‘City of God’ revisited at Pan African Film Festival in South LA

Carla Osorio, Brazilian Producer, City of God -- Ten Years Later with friend, Yaw F.L. Davis, Founding Director of the Pan African Technical Association | Tiffany Walton

Carla Osorio, producer of City of God-Ten Years Later poses with a friend, Yaw F.L. Davis, Founding Director of the Pan African Technical Association. | Tiffany Walton

Rio de Janeiro has always made a splash as a travel destination, but when the 2002 feature film City of God made its way onto the big screens in Brazil and internationally, the world saw a different perspective of this tropical locale.

Movies with predominately Black casts were rarely seen. And the drug crime and violence taking place in Rio’s slums, or favelas, were elements that tourists often had no idea existed.

Meanwhile, Black Brazilian film actors were facing similar challenges to Black actors in the United States, such as a lack of roles and visibility. City of God provided a space for Black Brazilian actors, many of them from Rio’s favelas, to showcase their talents and served as a beacon for other movies to open the doors to Black actors.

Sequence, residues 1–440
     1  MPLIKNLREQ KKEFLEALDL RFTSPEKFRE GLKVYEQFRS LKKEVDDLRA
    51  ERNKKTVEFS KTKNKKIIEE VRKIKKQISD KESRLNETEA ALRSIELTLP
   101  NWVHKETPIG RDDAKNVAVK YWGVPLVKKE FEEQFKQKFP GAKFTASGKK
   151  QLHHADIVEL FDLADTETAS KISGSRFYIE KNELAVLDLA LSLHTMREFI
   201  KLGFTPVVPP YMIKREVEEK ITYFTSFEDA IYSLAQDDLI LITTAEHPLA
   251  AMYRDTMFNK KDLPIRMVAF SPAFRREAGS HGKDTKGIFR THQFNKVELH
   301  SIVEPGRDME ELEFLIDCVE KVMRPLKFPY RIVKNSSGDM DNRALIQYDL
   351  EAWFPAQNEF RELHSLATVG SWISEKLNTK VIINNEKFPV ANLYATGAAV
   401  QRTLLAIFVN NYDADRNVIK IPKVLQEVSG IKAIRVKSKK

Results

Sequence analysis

But what happened to them?

The documentary City of God-10 Years Later focuses on the current lives of those actors who appeared in the original film. It’s one of the films featured at this year’s Pan African Film Festival, running Feb. 5 – 16 at the Baldwin Hills Crenshaw Plaza in South L.A.

The film’s producer, Carla Osorio, spoke with Intersections about the importance of City of God-10 Years Later, touching on the relationship between art and life.

Click play to hear her comments: 


The film will screen Feb. 8 and Feb. 13.  Watch the trailer below:

This year’s Pan African Film Festival will feature more than 150 films representing almost four dozen countries. The event is considered America’s largest and most prestigious Black arts and film festival. Its films are made by and/or about people of African descent from the United States, Africa, the Caribbean, South America, the South Pacific, Europe and Canada. PAFF also holds the distinction of being the largest Black History Month event in the country.

For more information, including how to purchase tickets, visit the festival’s official website at www.paff.org.

Baldwin Hills Crenshaw Plaza
3650 W Martin Luther King Jr, Los Angeles, CA

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